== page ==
# Which theory is stronger, that iron came from outside or was formed within earth?

Where is the current body of science learning towards, that iron came from meteor or it was somehow formed on earth?

• Do you mean the element itself (in which case the answers below are sufficient), or deposits of ore or even metallic iron that people could use? Jan 23, 2015 at 19:28
• Or the Earth's core? (I assume not, but...) Feb 4, 2015 at 6:08
• Iron came 'down' from above: bit.ly/1I3vjDs Dec 14, 2015 at 10:28

The only elements that were formed on Earth are those produced by radioactive decay. There are four natural decay chains that start with transuranic elements and none terminate in iron; neither do the decay chains that are artificial or those that result from cosmic radiation. So all of our iron is from the Earth's formation or meteor impacts since then.

• historically speaking, how far back could this theory be traced? Aug 5, 2014 at 21:02
• To 1946 when Fred Hoyle described the nucleosynthesis of iron, meaning that it occurred in stars that predate our solar system. Aug 6, 2014 at 2:34
• if this was written say over 1000 years ago would that be unbelievable or you could say it was a good educated guess? Aug 7, 2014 at 18:30
• @JackTwain: so? Just because a question is triggered by a theological discussion does not mean that the answer has to be theological. This is a science site. That page has nothing to do with science. Feb 19, 2015 at 1:42
• Minor disagreement, there are elements on Earth that are formed via fusion and particle bombardment, but granted, these are in small quantities. As there is enough of them produced and put into weapons of mass destruction to kill man many times over, it is not insignificant though.
– dlb
Sep 30, 2016 at 23:12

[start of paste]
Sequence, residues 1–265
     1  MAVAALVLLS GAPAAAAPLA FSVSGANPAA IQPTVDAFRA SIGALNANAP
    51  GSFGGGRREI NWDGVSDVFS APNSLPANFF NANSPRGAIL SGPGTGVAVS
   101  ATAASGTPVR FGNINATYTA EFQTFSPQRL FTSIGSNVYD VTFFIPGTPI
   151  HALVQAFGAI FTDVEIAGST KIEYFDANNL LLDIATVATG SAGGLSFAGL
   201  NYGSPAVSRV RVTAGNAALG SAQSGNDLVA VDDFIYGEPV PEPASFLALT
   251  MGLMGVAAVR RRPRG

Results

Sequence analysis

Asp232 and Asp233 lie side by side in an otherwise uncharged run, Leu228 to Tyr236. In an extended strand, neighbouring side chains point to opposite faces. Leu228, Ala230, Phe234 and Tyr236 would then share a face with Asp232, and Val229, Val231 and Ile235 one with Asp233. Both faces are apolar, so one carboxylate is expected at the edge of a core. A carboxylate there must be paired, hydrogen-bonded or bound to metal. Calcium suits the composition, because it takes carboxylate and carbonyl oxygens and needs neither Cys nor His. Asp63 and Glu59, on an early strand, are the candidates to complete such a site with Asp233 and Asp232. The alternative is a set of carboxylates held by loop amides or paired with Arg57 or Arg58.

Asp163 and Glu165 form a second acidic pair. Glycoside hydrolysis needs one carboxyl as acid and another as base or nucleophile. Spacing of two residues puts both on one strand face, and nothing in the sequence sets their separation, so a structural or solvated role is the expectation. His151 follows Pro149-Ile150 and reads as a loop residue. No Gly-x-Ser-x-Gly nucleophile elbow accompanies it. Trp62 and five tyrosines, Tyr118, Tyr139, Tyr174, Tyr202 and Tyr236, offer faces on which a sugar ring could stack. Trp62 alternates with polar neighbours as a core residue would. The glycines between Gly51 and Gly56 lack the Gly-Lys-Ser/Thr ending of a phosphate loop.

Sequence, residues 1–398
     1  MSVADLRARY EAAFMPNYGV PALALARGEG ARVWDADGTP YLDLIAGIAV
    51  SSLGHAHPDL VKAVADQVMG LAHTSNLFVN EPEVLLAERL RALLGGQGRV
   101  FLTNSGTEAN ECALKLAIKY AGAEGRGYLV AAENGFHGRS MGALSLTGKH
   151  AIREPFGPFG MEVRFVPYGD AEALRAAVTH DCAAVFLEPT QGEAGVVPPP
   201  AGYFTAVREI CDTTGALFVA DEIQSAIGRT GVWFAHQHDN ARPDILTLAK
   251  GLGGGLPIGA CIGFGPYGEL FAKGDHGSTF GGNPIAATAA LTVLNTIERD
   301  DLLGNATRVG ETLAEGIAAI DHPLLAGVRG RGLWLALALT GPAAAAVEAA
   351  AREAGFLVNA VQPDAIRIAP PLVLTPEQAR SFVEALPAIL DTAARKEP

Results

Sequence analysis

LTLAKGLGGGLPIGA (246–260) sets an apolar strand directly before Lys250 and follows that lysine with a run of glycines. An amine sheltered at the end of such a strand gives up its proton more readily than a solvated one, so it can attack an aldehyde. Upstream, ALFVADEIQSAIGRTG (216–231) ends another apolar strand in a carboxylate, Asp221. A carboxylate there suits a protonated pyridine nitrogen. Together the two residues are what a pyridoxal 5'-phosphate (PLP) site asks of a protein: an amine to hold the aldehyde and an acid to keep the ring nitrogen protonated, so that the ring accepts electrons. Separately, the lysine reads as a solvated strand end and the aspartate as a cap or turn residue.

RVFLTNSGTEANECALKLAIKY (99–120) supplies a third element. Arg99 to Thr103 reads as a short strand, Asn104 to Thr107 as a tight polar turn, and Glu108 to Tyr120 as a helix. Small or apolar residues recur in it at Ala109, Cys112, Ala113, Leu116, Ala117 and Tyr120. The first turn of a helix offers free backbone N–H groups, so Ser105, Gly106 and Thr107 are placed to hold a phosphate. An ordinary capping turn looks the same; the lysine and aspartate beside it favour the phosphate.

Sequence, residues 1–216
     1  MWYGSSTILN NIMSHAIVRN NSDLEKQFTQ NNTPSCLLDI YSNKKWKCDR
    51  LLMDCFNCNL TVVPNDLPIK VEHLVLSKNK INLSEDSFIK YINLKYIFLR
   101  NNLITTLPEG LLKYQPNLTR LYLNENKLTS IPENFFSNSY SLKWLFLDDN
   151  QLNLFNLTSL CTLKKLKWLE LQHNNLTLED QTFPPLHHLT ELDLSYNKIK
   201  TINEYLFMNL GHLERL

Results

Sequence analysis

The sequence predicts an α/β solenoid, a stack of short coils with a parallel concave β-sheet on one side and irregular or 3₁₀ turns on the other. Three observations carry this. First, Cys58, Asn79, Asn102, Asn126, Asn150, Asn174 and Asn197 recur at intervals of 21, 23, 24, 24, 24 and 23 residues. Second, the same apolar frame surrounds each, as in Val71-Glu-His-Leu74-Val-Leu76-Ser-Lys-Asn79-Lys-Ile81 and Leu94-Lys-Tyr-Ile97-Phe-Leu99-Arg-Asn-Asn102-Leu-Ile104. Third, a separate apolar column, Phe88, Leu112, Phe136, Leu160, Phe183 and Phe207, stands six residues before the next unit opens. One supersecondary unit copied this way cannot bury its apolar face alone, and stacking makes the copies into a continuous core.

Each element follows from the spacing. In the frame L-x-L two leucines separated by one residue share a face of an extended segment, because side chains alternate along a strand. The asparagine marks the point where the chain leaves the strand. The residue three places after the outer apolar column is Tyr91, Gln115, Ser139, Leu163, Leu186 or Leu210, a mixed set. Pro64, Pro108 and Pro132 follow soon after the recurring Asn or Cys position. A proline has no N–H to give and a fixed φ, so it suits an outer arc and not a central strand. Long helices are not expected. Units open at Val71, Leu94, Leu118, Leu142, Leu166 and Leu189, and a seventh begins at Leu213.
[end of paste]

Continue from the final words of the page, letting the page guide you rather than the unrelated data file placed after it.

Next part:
All the material that eventually formed our solar system is essentially recycled star dust. All iron on Earth was produced by large stars that existed before our Sun formed: the iron was created during nuclear fusion and later released when the parent star(s) exploded, presumably supernova. After our solar nebula had formed and material had been gravitationally compacted, dense elements like iron did not get far from the center of the nebula before "precipitating" out into planets and meteors. Thus the inner solar system has a high abundance of iron. This is in contrast to low-density elements/molecules that were in general able to escape the center of the nebula and make it pretty far before being pulled into a large mass. So we have high iron planets and meteors close to the sun (relatively speaking), and very little iron in the "gas giants" part of the solar system. I would consider this to be material that is "already there" but certainly some iron has been added by meteors.

Somewhat more from volcanic activity than meteor impacts, but both are important.

The Earth has an iron-nickel ($\ce{Fe}$-$\ce{Ni}$) core that originates from Earth's formation out of the collision of planetesimals which themselves contained iron, rock and ice. The Earth was very hot at that time, and the iron along with some siderophilic elements sunk to the center to form the core. Relatively little of that iron is in the crust. It is mostly sequestered in the core (pages 326, 327).

• The first iron used by humans was meteoric. Nov 26, 2016 at 16:32

I believe the element iron (Fe) is formed by stellar nucleosynthesis.

# stellar nucleosynthesis:

it's a process of continuous fusion of the star element to reach heavier and heavier elements. starting from hydrogen (H) till iron (Fe) (the heaviest element the process could reach).

Each 2 atoms of light elements fuse together to form heavier element atom.

For example 2 hydrogen atoms (H --> 1 proton) fuse to form helium (He --> 2 protons).

• Could you explain a little more what stellar nucleosynthesis is in your answer? Thanks! Aug 12, 2014 at 23:45

So (naturally occurring) elements on earth can only come to be here in three ways.

Either they are formed here via radioactive decay.
They came via meteor.